The US State Department’s Office of the Inspector General issued a report to lawmakers on Wednesday, ruling that former Secretary of State and presumptive Democratic presidential nominee Hillary Clinton violated a slew of department regulations with regards to her private email server.
According to the 80-page report on email record management and cybersecurity, Clinton violated the Federal Records Act when she failed to submit all work-related emails carried on the server to the State Department during her tenure as Secretary of State or upon her departure from the position.
The report also chides Clinton for failing to receive authorization to use her private email address and server, stating that the Inspector General’s Office "found no evidence that the Secretary requested or obtained guidance or approval to conduct official business via a personal email account on her private server."
Notably, Clinton refused to speak with the Office of the Inspector General, while current Secretary of State John Kerry and former Secretaries Condoleezza Rice, Colin Powell, and Madeleine Albright were all interviewed as part of the report. Clinton staff members including ex-chief of staff Cheryl Mills, Huma Abedin, and Jake Sullivan also refused to be interviewed.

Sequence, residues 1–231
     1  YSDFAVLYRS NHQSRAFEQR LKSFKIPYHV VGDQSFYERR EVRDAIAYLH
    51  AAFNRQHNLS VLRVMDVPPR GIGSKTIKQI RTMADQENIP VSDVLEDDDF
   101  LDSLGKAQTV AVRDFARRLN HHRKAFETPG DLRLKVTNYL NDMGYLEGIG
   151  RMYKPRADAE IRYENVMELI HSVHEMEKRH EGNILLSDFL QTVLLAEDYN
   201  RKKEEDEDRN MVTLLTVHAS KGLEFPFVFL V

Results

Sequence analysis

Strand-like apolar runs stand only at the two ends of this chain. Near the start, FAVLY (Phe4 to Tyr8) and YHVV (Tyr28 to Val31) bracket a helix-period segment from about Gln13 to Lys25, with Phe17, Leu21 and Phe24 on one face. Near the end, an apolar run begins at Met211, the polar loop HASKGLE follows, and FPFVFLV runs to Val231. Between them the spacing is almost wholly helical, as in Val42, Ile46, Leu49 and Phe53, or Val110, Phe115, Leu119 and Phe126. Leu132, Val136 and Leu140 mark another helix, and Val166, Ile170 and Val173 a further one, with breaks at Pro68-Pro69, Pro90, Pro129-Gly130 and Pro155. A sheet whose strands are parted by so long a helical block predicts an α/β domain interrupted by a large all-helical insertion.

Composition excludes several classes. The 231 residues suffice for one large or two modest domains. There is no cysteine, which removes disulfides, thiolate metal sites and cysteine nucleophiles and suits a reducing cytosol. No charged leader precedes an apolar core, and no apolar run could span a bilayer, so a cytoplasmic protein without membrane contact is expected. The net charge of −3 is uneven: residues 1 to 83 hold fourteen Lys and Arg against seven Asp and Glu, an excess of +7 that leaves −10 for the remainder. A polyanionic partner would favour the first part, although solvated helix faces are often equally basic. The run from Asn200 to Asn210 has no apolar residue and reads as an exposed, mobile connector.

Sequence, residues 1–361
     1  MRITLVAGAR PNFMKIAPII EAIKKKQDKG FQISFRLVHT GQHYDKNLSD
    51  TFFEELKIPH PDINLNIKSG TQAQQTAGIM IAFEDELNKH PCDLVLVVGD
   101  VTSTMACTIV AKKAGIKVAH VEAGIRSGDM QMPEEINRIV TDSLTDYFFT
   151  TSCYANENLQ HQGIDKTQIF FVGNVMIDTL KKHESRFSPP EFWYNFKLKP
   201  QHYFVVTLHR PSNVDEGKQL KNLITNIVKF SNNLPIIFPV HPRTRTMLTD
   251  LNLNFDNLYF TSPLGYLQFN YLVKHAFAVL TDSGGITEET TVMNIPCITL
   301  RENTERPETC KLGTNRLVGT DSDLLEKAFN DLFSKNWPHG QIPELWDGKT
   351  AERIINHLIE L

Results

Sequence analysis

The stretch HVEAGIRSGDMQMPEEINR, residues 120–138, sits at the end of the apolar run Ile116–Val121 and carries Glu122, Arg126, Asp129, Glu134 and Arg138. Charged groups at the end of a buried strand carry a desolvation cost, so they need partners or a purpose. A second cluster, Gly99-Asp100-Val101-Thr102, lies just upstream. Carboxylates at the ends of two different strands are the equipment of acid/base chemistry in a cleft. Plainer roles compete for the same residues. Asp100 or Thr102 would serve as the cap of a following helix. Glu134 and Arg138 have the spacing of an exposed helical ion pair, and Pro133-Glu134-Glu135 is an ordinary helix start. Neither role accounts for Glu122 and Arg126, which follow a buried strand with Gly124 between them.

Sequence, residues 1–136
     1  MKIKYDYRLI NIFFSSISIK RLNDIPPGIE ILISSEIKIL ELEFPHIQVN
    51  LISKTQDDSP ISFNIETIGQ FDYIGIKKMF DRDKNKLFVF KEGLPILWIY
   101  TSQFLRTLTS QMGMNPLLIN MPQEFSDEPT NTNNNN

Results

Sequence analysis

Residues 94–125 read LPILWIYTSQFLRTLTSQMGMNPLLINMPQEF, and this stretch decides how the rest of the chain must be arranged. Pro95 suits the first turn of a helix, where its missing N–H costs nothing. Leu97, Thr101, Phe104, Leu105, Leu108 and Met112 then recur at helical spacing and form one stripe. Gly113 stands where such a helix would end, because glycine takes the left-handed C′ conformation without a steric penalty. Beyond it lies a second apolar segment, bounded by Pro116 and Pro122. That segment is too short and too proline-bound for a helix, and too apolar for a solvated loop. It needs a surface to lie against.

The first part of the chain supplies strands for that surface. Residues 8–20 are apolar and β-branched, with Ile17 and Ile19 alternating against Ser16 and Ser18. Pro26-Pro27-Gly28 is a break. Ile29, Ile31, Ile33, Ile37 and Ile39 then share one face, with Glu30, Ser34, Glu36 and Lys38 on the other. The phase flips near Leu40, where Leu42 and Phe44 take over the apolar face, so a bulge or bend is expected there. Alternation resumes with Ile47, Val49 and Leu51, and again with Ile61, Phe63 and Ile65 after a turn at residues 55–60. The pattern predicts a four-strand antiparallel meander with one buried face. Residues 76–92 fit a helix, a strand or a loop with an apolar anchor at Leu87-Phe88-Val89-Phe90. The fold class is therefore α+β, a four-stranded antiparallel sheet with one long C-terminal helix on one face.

While the document does not constitute a criminal indictment, nor does it have direct bearing on the ongoing Justice Department investigation into Clinton’s use of a private email server to send and receive classified government documents, the report highlights the threat of a potential indictment and emboldens supporters of Democratic rival Bernie Sanders, who has pledged to continue his fight for the party nomination.
Clinton’s standing in the polls has taken a hit in recent weeks even as her campaign moves closer to securing the nomination.
While the presumptive Democratic nominee led her likely November opponent Donald Trump by 11.4 points one month ago according to the RealClearPolitics average of polls, today her lead has evaporated and the former Secretary of State now trails the New York real estate developer by 0.2% on average.